War of the Rebellion: Serial 007 Page 0803 Chapter XVII. CORRESPONDENCE, ETC.-CONFEDERATE.

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Camp Beauregard, December 29, 1861-9 p.m.


Assistant Adjutant-General, Columbus, Ky.:

SIR: I have information that the enemy are advancing on this post and are now 5 miles south of Mayfield. I have taken the liberty of sending a courier to Moscow, requesting the officer in command to give me support, leaving a guard at his encampment.

The information of which I am possessed runs as follows:

Courier from Major King at 7 o'clock p.m.:

Enemy's cavalry, reported 200 strong, now at Mayfield.

Eight o'clock:

Enemy 5 miles this side of Mayfield. Road blockaded with wagons in rear, Cavalry supposed to be accompanied by infantry. Force not known.

I have sent forward 250 cavalry to meet the enemy, with orders to advance with caution, and if enemy is in large force to skirmish with and retard their progress. My command, you are aware, is weak, illy prepared for a battle. Re-enforcements may be necessary. Two pieces of my artillery (the two howitzer) are without ammunition. The lieutenant commanding states that he has often applied for the ammunition, but it has not been furnished. I have been somewhat disappointed in the supposed fortifications at this place. A few rifle pits, full of water, which I am having leveled down, and a lot of fallen timber, compose the defenses. Should the enemy attack us, we are in feeble condition, but the best defense of which we are capable will be made. I leave the subject of my re-enforcement with you, but would suggest my early re-enforcement. I am busy in preparation.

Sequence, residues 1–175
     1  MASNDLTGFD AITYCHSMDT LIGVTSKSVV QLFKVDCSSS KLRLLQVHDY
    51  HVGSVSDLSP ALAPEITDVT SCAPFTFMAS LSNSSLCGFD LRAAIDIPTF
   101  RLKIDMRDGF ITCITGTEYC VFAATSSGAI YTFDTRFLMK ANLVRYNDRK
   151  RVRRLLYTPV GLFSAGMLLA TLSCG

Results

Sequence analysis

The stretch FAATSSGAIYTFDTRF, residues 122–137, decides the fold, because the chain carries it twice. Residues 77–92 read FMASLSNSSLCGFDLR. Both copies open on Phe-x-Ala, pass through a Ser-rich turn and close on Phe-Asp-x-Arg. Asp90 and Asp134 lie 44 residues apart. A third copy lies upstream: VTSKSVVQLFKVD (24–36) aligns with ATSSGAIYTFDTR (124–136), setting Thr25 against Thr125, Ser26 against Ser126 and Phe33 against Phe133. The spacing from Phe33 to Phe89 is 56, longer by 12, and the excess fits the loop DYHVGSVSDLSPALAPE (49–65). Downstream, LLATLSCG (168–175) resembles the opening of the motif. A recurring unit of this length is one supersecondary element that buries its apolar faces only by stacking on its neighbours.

Your obedient servant,


Brigadier-General, Commanding.


Knoxville, December 29, 1861.

Honorable J. P. BENJAMIN,

Secretary of War:

SIR: In accordance with your letter of instructions Mr. Ramsay, the district attorney, entered a nol. pros. in Brownlow's case. As commander of this post, in order that your future instructions might be complied with, I caused Brownlow to be remanded to prison. This measure was necessary even for his own safety and in order that the public peace might not be violated. In infer from your letter to the district attorney that Brownlow is entitled to a safe-conduct beyond our lines, and with reference to this I await your further instructions.

I have just been appointed commandant of this post, and have already discovered numberless abuses that should be corrected. Marauding bands of armed men go through the country, representing themselves to be the authorized agents of the State or Confederate Government; they "impress" into "service" horses and men; they plunder the helpless, and especially the quondam supporters of Johnson, Maynard, and Brownlow; they force men to enlist by the representation that otherwise they will be incarcerated at Tuscaloosa; they force the people to feed and care for themselves and horses without compensation. I would